August 27, 2019
Ji Brust is a rising junior studying digital culture with a focus in graphic information technology at ASU’s Tempe and Polytechnic campuses. This summer she worked as a UX (user experience) research and design intern at 98point6, a text-based healthcare app in Seattle.
She shared her tips for how to get a great internship for Sun Devils at Work.
What are you doing at your internship?
To give you some background, UX is the overall experience a user has when interacting with a product (in this case, an app.)
Therefore, UX designers design specifically for the needs of the user by identifying needs, pain points and opportunities for improvement. The goal is to improve the product’s ease of use, quality and efficiency.
So at my internship, I do everything from analyzing past user experiences to testing designs.
How did you find out about your internship?
I actually heard about 98point6 from my family, who just recently moved to Washington.
After trying it out and thinking it was a super cool idea (the app is like WebMD but way better!) I asked around to see if anyone knew of any opportunities. From there, word got out and I was linked to someone within the company. That’s ultimately how I got the ball got rolling. I still can’t believe the power of networking!
What was the application process like?
If I’ve learned anything about internship application processes, it’s this: 1) networking is vital and 2) patience is key.
I was referred to 98point6 by a friend’s friend. That friend’s friend was able to get me in contact with someone within the company. We started out by emailing back and forth, just so they could understand my interests, goals, aspirations and background. We then scheduled to speak briefly over the phone. After that, I continued to be forwarded (via email) throughout the company until I was finally connected to human resources.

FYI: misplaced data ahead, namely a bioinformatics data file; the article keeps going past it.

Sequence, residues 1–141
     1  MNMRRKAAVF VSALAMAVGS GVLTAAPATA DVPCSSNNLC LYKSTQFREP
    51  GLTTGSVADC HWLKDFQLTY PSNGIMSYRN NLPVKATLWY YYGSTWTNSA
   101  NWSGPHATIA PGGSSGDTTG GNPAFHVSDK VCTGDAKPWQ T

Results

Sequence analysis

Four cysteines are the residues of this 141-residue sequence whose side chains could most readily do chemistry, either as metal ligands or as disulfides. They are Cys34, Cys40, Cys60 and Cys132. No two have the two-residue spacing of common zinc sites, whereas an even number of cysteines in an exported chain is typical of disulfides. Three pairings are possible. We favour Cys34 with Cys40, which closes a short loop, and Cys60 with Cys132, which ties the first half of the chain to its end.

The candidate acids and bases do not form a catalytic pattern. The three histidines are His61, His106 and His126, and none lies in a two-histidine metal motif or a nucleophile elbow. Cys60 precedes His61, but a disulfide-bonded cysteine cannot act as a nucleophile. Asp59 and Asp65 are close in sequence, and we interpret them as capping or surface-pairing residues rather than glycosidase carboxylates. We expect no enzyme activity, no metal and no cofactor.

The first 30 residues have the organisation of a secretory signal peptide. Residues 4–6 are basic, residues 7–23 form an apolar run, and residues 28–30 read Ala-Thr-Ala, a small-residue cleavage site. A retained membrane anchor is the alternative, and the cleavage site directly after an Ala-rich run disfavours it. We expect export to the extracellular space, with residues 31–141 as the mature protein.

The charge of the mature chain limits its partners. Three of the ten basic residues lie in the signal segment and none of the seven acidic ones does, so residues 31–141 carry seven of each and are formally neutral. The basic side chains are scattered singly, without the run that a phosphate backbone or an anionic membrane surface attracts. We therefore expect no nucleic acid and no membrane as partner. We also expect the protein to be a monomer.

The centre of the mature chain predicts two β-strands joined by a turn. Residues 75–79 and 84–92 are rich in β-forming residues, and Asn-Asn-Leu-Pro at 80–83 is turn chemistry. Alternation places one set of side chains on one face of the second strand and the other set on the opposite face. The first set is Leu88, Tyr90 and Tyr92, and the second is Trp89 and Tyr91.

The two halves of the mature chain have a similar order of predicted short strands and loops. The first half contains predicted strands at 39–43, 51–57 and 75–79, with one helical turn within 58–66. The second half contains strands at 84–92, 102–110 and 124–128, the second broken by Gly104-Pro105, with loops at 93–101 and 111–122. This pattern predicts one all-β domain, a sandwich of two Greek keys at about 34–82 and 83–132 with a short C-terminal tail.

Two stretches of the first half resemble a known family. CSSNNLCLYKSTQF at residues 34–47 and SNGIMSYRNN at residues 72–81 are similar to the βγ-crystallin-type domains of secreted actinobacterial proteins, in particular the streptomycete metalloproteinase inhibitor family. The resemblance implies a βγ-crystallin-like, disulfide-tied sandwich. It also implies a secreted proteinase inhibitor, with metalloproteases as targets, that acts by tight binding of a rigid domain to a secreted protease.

This took me about two months. After finally scheduling an official interview, I flew out to Seattle and had a three-hour interview loop with the entire design team. The next day they had an offer!
What did you do at ASU that helped you get your internship?
One thing that I love about ASU, and especially the digital culture program, is that it exposed me to various ideas and concepts but didn’t “hold my hand” through everything or push me toward one singular path.
Because of this, I learned how to go beyond the status quo. I really went out of my way to read as much as I could about UX design online, utilizing free online courses and watching a lot of YouTube videos. I also found that ASU has tons of opportunities and resources that are waiting to be tapped into.
I took advantage of all these opportunities from the Adobe Creative Jam offered at Poly (which is similar to a Hackathon) to the grant funding at Changemaker Central. Each of these resources helped me to build upon my knowledge and acquire the necessary skills needed for the interview process.
What are your tips for future interns?
Since digital culture is an unconventional major, it was really important that I market myself in the right way. It is very easy for others to make assumptions about my major, thinking it’s an “easy arts major.” Therefore, I had to learn how to take control of my major title by using it as leverage rather than an inhibitor.
What I found was that the major title itself doesn’t really matter, rather, it is the experiences gained from it. The ability to explain my personal journey and what I could bring to the table was what got me my internship.
My other tip is to remember that the interview is just a conversation. Not only is it an opportunity for the company to learn about you but also an opportunity for you to learn about the company. That is why it’s so important to ask questions and research the company culture beforehand to make sure you’re the right match for each other.
What are your career aspirations?
I want to learn as much as I can about responsible design practices. It is no secret that the future will be driven by the internet of things (IoT), artificial intelligence (AI), virtual reality/augmented reality, robots, etc.
While this is all exciting, I think we get too caught up in seeing what we can build and we forget to see if these things should be built at all. We need to start thinking about the ethical implications of our creations and how it will change the way we live our lives.
While we can’t stop technology, we can work to design things in a way that will better serve us. That is why it is my overarching goal to stick to human-centered design, always advocating for the people.
On a more selfish level, my goals include going to graduate school to either pursue a master’s in human-to-computer interaction (HCI) or an MBA. Additionally, I hope to have my own multimedia business one day!